Skeletal muscle programming and re-programming.

Publication Type:

Journal Article


Current opinion in genetics & development (2013)


2013, 256, 257, Center-Authored Paper, Clinical Research Division, Human Biology Division, July 2013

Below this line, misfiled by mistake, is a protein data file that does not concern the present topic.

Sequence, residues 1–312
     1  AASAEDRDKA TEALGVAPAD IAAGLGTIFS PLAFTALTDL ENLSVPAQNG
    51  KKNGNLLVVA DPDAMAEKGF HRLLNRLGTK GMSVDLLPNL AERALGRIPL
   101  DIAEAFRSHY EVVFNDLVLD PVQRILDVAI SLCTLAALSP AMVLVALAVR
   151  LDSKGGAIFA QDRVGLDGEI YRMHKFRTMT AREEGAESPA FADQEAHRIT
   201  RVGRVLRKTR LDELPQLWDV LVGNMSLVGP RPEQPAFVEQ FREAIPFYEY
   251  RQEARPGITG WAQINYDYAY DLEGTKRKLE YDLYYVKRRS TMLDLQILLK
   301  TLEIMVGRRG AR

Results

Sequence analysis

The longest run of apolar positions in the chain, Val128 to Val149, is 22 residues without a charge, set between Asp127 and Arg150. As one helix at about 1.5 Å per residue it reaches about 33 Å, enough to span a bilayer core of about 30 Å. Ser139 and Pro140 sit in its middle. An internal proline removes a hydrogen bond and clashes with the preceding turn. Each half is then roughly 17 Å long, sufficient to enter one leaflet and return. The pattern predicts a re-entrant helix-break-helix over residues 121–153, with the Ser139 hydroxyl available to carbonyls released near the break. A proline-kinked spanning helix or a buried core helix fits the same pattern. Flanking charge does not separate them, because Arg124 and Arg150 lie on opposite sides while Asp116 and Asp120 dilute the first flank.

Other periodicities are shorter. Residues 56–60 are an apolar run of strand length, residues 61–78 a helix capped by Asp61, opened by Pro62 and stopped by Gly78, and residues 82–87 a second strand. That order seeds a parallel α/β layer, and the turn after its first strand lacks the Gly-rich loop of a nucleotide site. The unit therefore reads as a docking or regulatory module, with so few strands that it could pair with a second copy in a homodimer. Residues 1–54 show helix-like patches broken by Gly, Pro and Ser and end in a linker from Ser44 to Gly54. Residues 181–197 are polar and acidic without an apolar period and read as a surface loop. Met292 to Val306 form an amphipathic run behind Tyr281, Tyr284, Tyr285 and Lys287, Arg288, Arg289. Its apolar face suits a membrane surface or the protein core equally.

The discovery of the transcription factor MyoD and its ability to induce muscle differentiation was the first demonstration of genetically programmed cell transdifferentiation. MyoD functions by activating a feed-forward circuit to regulate muscle gene expression. This requires binding to specific E-boxes throughout the genome, followed by recruitment of chromatin modifying complexes and transcription machinery. MyoD binding can be modified by both cooperative factors and inhibitors, including microRNAs that may serve as important developmental switches. Recent studies indicate that epigenetic regulation of MyoD binding sites is another important mechanism for controlling MyoD activity, which may ultimately limit its ability to induce transdifferentiation to cells with permissive epigenetic 'landscapes.'